By Erik Amaya
Following a screening of The Dark Knight on Saturday at the Los Angeles Times Hero Complex Film Festival, director Christopher Nolan took time to answer questions from the audience and LA Times writer Geoff Boucher.
The first audience question, in particular, stuck out: Prompted by a recent reading of the published script for The Prestige, writer Ed Brubaker wanted Nolan to talk about his writing process. "Your stuff is pretty bullet-proof," Brubaker said. "How far do you outline stuff before you actually start scripting?"
Nolan was quick to excuse the apparent flawlessness as a quirk of constant revision. "When you're reading a screenplay that's been published," he explained, "you're reading something that's 14, 15 drafts in, because what they publish is the shooting draft including all the shooting revisions you made while on production."
As for his process: "I don't really outline." Many writers begin with an outline not unlike the sort students are taught to use in high school for term papers. "I tend to start with page one and try to just write in a very linear fashion, particularly if the story is not linear," Nolan said. "When I did my first film, Following, I wrote it as a chronological story and then I edited it together to make all the non-linear divides. I found it very difficult, because I then had to do an enormous amount of rewriting to make it flow for the audience. So when I went to do Memento, I determined to tell the story backwards. I thought it was very important to sit down and just write for how the way the audience is going to see it. That way, there's a better flow."
Nolan's films are known for their unconventional structures and tight plots. Instead of outlines to keep track of the story, the director has an alternate means of maintain order. "What I do is draw a lot of diagrams -- particularly if there's sort of a structural complexity. I'll kind of stick stuff all over my walls," he revealed. Often these diagrams are shelved or ignored when a more interesting order presents itself.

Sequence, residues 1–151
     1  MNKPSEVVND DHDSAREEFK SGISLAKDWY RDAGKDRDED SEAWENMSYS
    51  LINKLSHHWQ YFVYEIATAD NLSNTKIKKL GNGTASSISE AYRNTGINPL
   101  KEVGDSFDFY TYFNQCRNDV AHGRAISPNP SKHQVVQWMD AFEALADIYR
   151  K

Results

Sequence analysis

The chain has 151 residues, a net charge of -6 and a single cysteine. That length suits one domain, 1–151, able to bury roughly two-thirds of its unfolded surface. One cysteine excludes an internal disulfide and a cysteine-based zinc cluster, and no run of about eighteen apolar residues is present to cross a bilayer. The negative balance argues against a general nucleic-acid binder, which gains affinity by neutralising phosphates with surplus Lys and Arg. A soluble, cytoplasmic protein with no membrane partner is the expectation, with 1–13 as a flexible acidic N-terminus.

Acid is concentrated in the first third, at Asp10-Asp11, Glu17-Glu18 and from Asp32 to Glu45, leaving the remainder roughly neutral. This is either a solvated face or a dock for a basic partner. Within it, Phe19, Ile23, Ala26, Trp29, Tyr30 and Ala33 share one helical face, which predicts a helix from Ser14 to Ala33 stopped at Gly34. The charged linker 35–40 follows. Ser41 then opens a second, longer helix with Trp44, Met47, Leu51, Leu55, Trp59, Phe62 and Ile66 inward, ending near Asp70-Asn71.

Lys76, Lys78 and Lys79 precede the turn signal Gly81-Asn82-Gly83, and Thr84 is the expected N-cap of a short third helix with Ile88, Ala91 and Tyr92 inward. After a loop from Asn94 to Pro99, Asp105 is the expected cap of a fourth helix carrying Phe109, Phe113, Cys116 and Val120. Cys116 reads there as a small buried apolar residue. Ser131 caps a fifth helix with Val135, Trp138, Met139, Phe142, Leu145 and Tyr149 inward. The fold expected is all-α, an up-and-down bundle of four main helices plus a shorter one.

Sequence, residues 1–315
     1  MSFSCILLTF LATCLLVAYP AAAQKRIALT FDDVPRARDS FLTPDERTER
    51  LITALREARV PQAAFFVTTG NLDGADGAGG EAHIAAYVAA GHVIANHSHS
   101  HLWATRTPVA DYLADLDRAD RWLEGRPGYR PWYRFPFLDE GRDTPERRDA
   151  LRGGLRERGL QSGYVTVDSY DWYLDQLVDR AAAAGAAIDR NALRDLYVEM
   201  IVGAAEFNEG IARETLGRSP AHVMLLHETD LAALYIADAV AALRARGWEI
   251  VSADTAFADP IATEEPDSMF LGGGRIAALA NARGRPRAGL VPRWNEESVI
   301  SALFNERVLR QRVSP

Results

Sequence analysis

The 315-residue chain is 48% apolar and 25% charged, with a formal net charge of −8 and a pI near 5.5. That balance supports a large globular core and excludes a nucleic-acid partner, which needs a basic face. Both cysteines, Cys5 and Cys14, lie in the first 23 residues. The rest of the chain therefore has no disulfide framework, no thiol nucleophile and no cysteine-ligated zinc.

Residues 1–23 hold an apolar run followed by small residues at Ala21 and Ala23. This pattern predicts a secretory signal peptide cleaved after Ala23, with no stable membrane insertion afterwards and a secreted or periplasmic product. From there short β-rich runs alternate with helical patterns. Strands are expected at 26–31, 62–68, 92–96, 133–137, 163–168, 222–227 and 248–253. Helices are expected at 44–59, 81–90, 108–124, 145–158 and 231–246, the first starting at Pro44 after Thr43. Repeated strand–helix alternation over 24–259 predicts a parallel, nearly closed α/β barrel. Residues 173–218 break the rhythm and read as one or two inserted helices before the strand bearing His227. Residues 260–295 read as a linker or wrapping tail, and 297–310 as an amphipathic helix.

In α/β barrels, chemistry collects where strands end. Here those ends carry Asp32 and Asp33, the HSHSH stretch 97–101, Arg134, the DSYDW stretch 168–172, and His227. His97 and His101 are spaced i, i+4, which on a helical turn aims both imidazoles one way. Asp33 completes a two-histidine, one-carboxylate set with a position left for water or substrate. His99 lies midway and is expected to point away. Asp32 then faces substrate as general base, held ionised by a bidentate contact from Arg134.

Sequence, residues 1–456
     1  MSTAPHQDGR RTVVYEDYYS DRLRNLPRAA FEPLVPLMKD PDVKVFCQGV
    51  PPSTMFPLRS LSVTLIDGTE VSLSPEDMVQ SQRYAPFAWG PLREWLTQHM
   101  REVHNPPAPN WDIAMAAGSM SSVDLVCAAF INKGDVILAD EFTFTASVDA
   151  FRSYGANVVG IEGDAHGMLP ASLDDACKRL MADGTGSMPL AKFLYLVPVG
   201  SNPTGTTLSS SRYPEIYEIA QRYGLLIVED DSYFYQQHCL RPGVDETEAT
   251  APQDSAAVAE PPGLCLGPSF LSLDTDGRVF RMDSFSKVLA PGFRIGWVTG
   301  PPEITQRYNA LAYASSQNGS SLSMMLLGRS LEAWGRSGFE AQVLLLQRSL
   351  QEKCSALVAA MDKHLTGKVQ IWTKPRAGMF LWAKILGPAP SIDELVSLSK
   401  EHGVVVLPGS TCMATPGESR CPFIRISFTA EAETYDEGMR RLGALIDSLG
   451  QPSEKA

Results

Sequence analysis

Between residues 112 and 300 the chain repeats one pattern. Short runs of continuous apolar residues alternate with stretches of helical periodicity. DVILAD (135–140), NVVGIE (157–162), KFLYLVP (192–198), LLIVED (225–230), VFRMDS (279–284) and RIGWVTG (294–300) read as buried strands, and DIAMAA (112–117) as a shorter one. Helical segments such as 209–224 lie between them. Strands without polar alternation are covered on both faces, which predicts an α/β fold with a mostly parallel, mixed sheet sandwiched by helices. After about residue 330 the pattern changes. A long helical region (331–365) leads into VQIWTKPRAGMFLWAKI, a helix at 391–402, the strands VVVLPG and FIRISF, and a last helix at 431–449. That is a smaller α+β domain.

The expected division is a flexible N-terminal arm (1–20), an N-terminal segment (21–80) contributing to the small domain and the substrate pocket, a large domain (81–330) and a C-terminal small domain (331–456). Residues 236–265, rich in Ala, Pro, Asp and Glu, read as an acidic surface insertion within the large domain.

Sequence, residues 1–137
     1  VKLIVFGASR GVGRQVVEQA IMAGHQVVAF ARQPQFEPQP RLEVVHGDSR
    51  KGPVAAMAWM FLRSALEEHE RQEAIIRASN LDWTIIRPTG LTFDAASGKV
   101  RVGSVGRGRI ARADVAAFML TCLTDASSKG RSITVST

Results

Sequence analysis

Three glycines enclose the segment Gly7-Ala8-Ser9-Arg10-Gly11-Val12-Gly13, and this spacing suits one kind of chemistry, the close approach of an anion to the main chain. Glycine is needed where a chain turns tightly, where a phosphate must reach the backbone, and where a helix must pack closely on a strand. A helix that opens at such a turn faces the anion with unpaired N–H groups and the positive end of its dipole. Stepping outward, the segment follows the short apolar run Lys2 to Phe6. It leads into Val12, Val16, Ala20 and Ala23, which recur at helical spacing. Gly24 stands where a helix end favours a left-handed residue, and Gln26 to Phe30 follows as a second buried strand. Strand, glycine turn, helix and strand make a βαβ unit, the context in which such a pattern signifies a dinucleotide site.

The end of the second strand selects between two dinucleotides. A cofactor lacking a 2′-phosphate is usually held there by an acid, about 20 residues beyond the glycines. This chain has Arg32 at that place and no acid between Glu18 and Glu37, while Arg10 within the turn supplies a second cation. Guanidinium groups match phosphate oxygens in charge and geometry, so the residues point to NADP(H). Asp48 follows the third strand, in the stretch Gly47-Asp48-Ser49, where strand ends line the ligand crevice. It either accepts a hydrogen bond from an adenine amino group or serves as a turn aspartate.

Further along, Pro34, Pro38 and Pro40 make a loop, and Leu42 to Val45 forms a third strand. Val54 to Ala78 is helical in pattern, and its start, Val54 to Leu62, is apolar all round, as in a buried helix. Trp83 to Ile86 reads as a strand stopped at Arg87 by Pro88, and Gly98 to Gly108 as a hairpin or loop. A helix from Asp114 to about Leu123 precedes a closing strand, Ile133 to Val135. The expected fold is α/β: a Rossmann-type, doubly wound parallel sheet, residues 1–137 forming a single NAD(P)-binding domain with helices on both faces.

"With story, I just try to go with the flow of the narrative," he said of actually scripting line by line. In cases like the Joker's multiple origin monologues in The Dark Knight, Nolan explained, "I'll tend to just write them very, very free form, very long. I'll just splurge [on] three or four pages and then spend days and days just editing it down."
Earlier in the session, Nolan spoke about his upcoming film. "Inception is something I have been working on a long time," he said. "I wanted to make a film about dreams, really, since I was kid. About 10 years ago, I settled on this concept of, really, a heist movie centered on the idea of a technology that allows people to share their dreams and the abuse of that technology."
"I first pitched it to Warner Bros. right after we finished Insomnia. They were very interested and wanted me to write it for them. I sort of realized it's not something I could've ever written on assign. It's something I needed to write on spec." Instead of having the studio shepherd the development of the script, Nolan chose to write it without supervision or payment. "I thought it would take a couple of months and it took me 10 years," he laughed.
Although a third Batman movie looms on the horizon, Nolan didn't mention it, even when fielding questions about The Dark Knight. He did, however, touch upon his involvement as a producer in the Superman reboot, and its roots in brainstorming ideas for Batman with writer David S. Goyer. The writer pitched him a concept for a Superman film that inspired him to get involved: "I just felt that I didn't want it to not get done."
Inception opens on July 17. The third Batman film is expected in 2012.